For a reminder of how quickly fortunes can turn in college football, consider what has happened to the Georgia and Auburn programs since they last met at Jordan-Hare Stadium.
Entering the Nov. 13, 2010 game, Auburn was 10-0, en route to a 14-0 season and the national championship. Georgia was 5-5, headed toward a 6-7 finish that left coach Mark Richt on the hot seat.
Flash-forward to Saturday night, when the teams will meet again at Auburn.
The Tigers will show up with a 2-7 (0-6 SEC) record that has coach Gene Chizik’s job in jeopardy, while the Bulldogs will bring an 8-1 (6-1 SEC) record and dreams of reaching the national title game.
“Two years ago, Auburn didn’t lose a single game, and now they’ve only won two. It shows you that college football is crazy,” said Georgia cornerback Sanders Commings, who quickly added: “And also they had a guy named Cam Newton (in 2010).”
The Tigers will have a guy named Jonathan Wallace at quarterback Saturday. He’s a freshman, Auburn’s third starting quarterback of the season.
If Georgia wins the game, the Bulldogs will clinch the SEC East title and a berth in the SEC Championship game, just as Auburn clinched the SEC West with a 49-31 win over Georgia in 2010.
“We’ve been on the flip side of this,” Chizik said this week.
This time, the Tigers can only play the role of spoiler. An upset would keep rival Georgia out of the league title game.
“They’re going to come out pumped,” UGA quarterback Aaron Murray said. “They’re playing for their respect. They’re playing to ruin our season.”
After Newton’s single spectacular season as Auburn’s quarterback, the Tigers slipped to 8-5 (4-4 SEC) last season, including a 45-7 loss to Georgia in Sanford Stadium. This season, the Tigers have beaten only Louisiana-Monroe (in overtime) and New Mexico State — a far cry from the 2010 season in which they beat everybody.
A mind-boggling reversal? Not really, Richt contends.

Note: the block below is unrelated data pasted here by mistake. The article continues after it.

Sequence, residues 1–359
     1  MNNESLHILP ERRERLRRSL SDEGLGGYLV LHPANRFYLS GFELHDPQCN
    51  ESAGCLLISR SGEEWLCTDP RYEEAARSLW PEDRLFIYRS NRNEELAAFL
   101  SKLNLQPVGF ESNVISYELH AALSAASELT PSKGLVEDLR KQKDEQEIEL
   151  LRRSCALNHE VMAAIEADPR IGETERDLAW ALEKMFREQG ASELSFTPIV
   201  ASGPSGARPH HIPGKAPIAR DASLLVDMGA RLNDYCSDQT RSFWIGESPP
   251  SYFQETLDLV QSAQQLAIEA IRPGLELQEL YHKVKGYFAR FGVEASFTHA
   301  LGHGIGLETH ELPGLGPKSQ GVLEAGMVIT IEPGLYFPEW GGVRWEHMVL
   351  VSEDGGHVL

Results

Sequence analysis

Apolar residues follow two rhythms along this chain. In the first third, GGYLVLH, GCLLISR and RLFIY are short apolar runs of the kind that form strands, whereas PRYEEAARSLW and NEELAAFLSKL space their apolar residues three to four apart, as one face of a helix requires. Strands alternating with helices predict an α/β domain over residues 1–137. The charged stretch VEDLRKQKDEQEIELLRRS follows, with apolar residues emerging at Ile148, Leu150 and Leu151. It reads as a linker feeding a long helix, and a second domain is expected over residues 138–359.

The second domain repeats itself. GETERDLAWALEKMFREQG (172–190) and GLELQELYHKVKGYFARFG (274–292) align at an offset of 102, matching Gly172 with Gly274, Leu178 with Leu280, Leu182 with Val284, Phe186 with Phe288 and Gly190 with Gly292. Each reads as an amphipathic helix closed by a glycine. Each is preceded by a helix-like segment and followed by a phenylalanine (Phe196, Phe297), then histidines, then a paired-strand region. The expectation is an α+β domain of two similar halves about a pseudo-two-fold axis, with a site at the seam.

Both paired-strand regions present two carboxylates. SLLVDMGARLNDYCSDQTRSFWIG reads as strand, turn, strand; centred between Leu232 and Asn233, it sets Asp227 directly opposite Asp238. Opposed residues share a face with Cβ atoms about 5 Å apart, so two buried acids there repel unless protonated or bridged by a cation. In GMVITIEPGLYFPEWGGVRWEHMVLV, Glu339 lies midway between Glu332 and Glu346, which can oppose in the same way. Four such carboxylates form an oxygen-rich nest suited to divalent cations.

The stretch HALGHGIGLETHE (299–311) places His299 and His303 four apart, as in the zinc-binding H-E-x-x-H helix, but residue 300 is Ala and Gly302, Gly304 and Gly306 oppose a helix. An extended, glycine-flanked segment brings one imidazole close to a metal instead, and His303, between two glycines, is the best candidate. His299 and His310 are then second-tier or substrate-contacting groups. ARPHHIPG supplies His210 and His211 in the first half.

“I think the big thing is just our league itself,” said Richt, a 12-year veteran of the SEC. “There is truly a very, very fine line between winning and losing. … Sometimes you get a break here or there and grab momentum, and it serves you well for the rest of the year. And sometimes you don’t ever find it.
“Even the year we went 6-7, how much different of a team did we have than some of the teams that might have gone 10-2? Probably not a whole lot different. (It was a case of) not making a play here, or making a bad decision there as a coach, or the other team just making a play that day.
“It’s not really all that mind-boggling to me because it’s just really a tough league.”
While Auburn has gone 10-12 since its 14-0 season, Georgia has gone 18-5 since its 6-7 season. And since losing its first two games last season, the Bulldogs have gone 18-3, including 18-1 in regular-season games.
“I think it shows we’ve worked our tails off, really,” Georgia wide receiver Tavarres King said. “Everybody is on board and is passionate about what we’re doing here. The tide has truly changed.”
“It is kind of a roller coaster; sometimes you do go up and down,” Richt said. “You just don’t know how close you might be to having a really good football team if you’re just patient for one more year. I think a lot of teams go backwards because they make changes when maybe they are on the verge of something good happening. … I would imagine it’s hard to figure out as a decision maker if a team is close or not.”
Auburn, which ranks last in the SEC in rushing defense and has intercepted only one pass this season, has stayed close in many of its games, at least for a while.
The Tigers led Clemson 19-16 in the fourth quarter of their season opener at the Georgia Dome, but lost 26-19. They were within three points of Arkansas and four points of Ole Miss entering the fourth quarter, but lost by 17 and 21. They lost by two points to LSU and by four to Vanderbilt.
But then there was a 63-21 loss to Texas A&M in which Auburn trailed 42-7 at halftime and allowed 671 yards.
Chizik was asked recently if he could have imagined a season like this just two years after lifting the national-championship trophy.
“I don’t think you ever imagine that,” he said. “What you have to understand in the coaching world is that you can have a season like we had two years ago, and then you can have seasons that aren’t anywhere near that as well. The main thing is, when you hit some of the valleys you’re going to hit, (to) maintain steadfast in what you’re trying to accomplish and working every day in a direction to improve.”
– Tim Tucker
(Chip Towers contributed to this article.)